The Fall of the Roman Empire

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The fall of the Roman Empire in the West is seen as one of the most pivotal points in all of human history. This event traditionally marks the transition from classical civilization to the birth of Europe. There is an absolutely tremendous scholarly interest in this subject; thousands of books have been published and endless numbers of essays and theories, as to the cause, have been written. Why did the Roman Empire in the West fall? It is difficult to pinpoint a simple explanation. Some scholars have tried to identify one main problem which caused the fall. Some say the culprit is lead, and its use in water pipes; others find that Christian ideology is to blame. The issue is confusingly complex and it stands to reason that one particular issue cannot, in and of itself, be enough to explain the fall of this persistently powerful, sprawling empire. The reason which seems most compelling is a holistic one which considers multiple factors. Thinking in this way, the fall was most likely caused by circumstances which lead to a breakdown of the centralized military and tributary complex producing inherent limitations on the abilities of the army. The state was no longer able to preserve its borders and it was finally overwhelmed by invading barbarian tribes.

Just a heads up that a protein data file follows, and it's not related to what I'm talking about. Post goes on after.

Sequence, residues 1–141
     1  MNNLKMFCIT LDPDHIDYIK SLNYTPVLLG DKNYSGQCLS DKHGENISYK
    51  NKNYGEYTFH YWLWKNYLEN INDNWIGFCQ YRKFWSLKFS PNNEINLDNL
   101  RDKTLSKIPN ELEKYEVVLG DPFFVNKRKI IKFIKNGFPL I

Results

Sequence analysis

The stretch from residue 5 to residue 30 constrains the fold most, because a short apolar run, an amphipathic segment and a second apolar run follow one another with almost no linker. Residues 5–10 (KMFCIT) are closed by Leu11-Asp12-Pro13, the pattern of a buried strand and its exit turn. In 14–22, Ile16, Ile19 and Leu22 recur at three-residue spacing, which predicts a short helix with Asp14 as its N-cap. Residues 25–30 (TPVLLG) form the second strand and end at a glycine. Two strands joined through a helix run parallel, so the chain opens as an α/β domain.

Though the invasion of the Roman Empire’s frontier is probably the central problem, many theories exist to explain how Rome first got into trouble. The somewhat outdated, but nevertheless fascinating, theory for the decline and fall of the Roman Empire is the wide spread use of lead pipes in urban centers used for the transportation of drinking water. Some believe this continual exposure to lead poisoned the Romans who drank it. Chronic, long-term lead exposure will caus...

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... own. They are money problems and military ineffectiveness. It is a series of events producing economic limitations which results in the inability to defend the borders at a time when being able to hold the line was imperative. In the past the Roman Empire was able to absorb incoming barbarians while holding its frontier, but additional pressure from the Huns causes the Empire to be overwhelmed and overtaken.

Works Cited

Bury, John B., History of the Later Roman Empire, New York: Dover, 1970.

Heather, Peter, The Fall of Ancient Rome, New York, Oxford: Oxford UP, 2006.

Hodge, A. Trevor, "Vitruvius, Lead Pipes and Lead Poisoning," American Journal of Archaeology 85, no. 4 (1981): 486-491.

Nardo, Dan, ed., The End of Ancient Rome, San Diego: Greenhaven Press, 2001.

Timbrell, John A, The Poison Paradox, Oxford, New York: Oxford University Press, 2005.
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